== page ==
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Why advisers should rethink their charging structures

Why advisers should rethink their charging structures

Advisers should use the opportunity of Mifid II’s introduction to rethink how they charge their clients, according to Danby Bloch.

Speaking at the Personal Finance Society’s Festival of Financial Planning, the chairman of Helm Godfrey and former non-executive director of Nucleus said advisers needed to question how they value their work.

He said: “Successful firms are rethinking and redesigning how they charge and how much they charge.

“It is really important not to just lay back on your laurels and see this as how you have always done it. Times are changing so keep reviewing charges.

“This is a particularly good moment to do this because we have got Mifid II coming up and it means financial advisers will have to tell their clients each year how much they will be charging them over the course of the year and at the end of the year they will have to give them an account of how much they have ultimately charged.”

Mr Bloch said most firms still charge on an assets under management basis, which was “quite crude and rather indiscriminate”.

He said research had shown it made sense to look at other ways of charging.

Mr Bloch said: “It is not always the case that the value of advice and the value of a client’s portfolio are naturally meshed together.

“A 1 per cent fee perhaps would not be enough or it might in some cases be too much. Value comes from a whole range of things.”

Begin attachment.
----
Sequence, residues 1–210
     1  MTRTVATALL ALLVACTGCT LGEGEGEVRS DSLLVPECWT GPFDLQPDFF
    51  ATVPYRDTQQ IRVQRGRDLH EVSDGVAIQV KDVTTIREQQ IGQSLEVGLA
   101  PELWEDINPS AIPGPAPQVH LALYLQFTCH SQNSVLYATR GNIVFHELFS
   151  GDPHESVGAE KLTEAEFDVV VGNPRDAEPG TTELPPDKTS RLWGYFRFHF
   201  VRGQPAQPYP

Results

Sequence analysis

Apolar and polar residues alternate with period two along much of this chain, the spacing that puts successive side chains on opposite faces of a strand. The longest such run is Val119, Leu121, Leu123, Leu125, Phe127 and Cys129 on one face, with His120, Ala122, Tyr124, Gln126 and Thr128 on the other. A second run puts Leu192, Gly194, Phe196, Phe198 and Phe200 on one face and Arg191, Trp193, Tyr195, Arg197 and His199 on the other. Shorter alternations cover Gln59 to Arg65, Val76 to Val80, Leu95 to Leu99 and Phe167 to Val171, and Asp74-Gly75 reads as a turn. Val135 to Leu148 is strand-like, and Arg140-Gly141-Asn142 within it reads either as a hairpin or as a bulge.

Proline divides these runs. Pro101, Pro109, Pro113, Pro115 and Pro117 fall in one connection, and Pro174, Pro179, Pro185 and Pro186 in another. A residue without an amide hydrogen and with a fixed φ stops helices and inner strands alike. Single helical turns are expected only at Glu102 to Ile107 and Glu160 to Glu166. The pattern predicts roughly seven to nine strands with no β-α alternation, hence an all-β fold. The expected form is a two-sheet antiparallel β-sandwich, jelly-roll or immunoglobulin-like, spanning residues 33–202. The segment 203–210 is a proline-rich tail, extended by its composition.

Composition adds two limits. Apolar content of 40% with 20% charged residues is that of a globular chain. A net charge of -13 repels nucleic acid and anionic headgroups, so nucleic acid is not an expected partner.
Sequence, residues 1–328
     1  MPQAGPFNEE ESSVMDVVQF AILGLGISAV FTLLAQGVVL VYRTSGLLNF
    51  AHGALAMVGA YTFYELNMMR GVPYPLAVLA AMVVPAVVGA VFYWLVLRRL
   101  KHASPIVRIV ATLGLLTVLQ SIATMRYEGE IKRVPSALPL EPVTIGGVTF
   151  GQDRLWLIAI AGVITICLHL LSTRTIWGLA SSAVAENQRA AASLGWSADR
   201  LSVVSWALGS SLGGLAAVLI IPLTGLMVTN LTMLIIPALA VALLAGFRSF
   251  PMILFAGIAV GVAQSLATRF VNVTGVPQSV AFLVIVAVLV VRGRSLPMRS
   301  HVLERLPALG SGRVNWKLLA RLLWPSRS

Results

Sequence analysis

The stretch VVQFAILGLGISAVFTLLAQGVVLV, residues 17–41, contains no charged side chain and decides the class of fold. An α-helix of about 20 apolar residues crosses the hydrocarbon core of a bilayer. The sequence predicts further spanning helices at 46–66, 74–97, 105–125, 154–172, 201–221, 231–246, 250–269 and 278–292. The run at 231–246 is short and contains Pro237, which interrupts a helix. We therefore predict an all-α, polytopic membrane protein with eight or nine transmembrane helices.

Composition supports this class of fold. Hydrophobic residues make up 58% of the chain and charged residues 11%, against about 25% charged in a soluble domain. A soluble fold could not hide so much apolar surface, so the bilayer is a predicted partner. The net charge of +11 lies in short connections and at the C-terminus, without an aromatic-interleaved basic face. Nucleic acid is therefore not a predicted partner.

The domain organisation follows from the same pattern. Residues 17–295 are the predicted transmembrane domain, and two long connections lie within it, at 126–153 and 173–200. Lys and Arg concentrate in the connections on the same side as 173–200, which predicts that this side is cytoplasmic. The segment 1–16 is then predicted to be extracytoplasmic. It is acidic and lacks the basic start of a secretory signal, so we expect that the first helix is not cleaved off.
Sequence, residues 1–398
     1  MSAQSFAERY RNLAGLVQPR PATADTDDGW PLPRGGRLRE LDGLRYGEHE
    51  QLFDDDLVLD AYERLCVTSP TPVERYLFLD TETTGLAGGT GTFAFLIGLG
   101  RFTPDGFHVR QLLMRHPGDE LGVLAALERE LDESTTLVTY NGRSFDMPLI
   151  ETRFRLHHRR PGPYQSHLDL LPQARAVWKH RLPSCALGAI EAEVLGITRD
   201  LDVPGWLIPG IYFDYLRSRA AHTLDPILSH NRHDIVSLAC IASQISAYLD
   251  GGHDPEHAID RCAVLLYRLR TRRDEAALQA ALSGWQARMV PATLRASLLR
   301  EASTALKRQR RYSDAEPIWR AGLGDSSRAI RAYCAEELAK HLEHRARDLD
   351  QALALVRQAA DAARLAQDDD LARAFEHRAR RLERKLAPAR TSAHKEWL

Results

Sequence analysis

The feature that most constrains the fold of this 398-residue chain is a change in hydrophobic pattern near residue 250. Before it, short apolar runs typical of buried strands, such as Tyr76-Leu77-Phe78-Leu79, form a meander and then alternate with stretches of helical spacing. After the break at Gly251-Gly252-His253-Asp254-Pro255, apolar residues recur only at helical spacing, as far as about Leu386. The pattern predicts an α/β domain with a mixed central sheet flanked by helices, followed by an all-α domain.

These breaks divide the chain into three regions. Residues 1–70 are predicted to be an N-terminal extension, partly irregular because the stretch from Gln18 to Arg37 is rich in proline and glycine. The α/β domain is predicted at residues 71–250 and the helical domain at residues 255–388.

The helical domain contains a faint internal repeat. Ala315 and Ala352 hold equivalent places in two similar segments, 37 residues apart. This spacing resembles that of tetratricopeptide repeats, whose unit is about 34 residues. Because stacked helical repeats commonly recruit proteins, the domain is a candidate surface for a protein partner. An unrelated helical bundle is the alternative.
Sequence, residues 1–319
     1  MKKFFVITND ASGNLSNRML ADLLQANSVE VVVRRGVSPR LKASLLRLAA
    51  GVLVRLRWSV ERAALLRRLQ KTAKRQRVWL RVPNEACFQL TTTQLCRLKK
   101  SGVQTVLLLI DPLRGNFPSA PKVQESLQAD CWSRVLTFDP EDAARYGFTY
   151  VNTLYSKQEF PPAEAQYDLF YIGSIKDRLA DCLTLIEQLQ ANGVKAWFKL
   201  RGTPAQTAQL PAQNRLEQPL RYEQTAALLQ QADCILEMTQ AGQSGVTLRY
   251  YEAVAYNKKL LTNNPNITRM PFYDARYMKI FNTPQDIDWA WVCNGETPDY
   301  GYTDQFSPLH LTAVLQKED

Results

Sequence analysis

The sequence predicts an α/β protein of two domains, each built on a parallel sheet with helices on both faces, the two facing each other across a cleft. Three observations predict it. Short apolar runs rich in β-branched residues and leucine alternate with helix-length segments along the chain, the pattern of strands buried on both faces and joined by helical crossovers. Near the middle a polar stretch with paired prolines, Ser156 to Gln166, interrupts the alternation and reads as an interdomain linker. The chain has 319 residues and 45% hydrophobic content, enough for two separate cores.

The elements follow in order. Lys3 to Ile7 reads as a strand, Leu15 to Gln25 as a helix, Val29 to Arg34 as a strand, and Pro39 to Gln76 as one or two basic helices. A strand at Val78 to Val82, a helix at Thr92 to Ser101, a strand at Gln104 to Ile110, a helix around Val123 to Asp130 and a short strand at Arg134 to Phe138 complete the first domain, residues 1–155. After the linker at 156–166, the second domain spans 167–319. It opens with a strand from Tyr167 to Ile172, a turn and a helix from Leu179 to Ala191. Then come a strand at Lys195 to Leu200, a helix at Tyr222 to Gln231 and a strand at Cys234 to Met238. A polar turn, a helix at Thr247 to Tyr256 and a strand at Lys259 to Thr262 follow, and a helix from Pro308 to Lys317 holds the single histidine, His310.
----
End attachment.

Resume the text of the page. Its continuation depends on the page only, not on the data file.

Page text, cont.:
Earlier this year the Financial Conduct Authority published research which showed advisers overwhelmingly get paid through “facilitated payments” through the provider.

The FCA's data, collected from advisers' Retail Mediation Activities Returns, showed 81 per cent of initial charges and 78 per cent of ongoing charges are paid this way.

The remaining proportion of fees is paid directly by the client to the adviser.

Meanwhile there appears to be an overwhelming preference for percentage charges, with more than 4,000 firms using this charging structure for both initial and ongoing charges.

Charges by the hour were only used by 1,663 firms for initial charges and 1,259 firms for ongoing charges.

Last week, at the Personal Investment Management & Financial Advice Association (Pimfa) annual summit, the Financial Conduct Authority has ruled out creating a cost disclosure template to help advisers explain their charges under the new Mifid II rules.

But the regulator has agreed to work with trade bodies on their own versions.

Megan Butler, executive director of supervision for the investment wholesale and specialists division at the Financial Conduct Authority (FCA), said the disclosure regime under the new Mifid II requirements was “probably not perfect.”

Mifid II requires investment firms to explain all costs ex-ante, before the client invests, and ex-post, which means periodic reporting after the client has invested into a fund about annual management fees and advisory charges.

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